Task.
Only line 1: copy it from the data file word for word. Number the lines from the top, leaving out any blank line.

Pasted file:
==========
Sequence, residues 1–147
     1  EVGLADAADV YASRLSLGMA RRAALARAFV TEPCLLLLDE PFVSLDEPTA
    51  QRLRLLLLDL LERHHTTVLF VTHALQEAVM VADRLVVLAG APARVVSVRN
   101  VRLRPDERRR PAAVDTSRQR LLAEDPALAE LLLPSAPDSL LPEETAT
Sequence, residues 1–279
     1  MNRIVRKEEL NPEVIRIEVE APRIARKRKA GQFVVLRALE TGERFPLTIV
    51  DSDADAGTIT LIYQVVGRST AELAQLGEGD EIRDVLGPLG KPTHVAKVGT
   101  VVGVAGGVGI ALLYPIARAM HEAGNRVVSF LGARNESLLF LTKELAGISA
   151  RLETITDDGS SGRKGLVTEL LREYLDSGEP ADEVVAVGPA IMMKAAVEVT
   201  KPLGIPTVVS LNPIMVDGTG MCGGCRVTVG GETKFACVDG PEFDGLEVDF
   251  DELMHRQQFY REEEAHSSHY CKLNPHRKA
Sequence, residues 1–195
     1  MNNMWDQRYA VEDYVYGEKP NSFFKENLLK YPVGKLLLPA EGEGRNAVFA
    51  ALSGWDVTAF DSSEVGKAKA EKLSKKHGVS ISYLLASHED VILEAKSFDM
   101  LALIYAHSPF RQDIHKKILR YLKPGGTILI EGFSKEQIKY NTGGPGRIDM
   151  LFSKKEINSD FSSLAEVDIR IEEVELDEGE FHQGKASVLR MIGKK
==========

Sequence, residues 1–147